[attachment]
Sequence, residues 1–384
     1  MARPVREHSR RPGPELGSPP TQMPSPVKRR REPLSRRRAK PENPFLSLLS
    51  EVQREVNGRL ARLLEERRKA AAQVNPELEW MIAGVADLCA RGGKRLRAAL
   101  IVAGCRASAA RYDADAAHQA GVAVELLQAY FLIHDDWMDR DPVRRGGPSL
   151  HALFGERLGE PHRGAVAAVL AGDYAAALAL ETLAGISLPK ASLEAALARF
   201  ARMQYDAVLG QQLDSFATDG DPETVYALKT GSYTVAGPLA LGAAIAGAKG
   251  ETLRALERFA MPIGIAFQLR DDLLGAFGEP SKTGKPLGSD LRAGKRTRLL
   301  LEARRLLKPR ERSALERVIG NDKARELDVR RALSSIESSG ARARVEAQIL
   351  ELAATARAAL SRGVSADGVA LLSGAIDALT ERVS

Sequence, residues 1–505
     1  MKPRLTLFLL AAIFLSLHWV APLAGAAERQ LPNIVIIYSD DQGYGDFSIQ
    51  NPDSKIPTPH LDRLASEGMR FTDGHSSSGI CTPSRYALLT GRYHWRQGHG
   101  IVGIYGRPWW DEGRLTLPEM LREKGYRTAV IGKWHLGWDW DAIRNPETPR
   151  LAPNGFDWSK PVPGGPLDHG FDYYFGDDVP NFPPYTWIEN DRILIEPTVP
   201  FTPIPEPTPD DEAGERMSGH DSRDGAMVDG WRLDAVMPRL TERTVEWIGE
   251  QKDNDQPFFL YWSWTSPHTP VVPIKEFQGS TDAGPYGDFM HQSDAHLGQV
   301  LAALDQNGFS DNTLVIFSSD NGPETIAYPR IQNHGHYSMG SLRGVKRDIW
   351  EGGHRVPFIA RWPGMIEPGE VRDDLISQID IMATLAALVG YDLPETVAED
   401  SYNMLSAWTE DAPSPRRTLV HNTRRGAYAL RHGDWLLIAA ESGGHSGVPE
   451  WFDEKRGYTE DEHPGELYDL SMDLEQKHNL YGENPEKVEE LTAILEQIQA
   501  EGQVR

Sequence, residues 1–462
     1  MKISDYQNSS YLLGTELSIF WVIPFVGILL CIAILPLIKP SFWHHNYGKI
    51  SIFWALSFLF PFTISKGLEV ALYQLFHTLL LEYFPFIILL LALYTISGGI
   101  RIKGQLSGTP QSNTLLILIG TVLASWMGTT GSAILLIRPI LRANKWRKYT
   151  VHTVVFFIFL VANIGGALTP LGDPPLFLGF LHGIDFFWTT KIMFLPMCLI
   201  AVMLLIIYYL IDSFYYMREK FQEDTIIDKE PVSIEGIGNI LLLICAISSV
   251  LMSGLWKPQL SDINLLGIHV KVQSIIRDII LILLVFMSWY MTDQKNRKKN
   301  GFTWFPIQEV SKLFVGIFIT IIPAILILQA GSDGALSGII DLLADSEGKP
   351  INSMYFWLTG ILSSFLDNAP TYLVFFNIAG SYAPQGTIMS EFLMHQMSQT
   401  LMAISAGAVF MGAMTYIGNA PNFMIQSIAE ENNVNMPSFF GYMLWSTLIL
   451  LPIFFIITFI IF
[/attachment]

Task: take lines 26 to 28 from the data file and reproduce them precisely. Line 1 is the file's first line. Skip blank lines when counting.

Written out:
   151  VHTVVFFIFL VANIGGALTP LGDPPLFLGF LHGIDFFWTT KIMFLPMCLI
   201  AVMLLIIYYL IDSFYYMREK FQEDTIIDKE PVSIEGIGNI LLLICAISSV
   251  LMSGLWKPQL SDINLLGIHV KVQSIIRDII LILLVFMSWY MTDQKNRKKN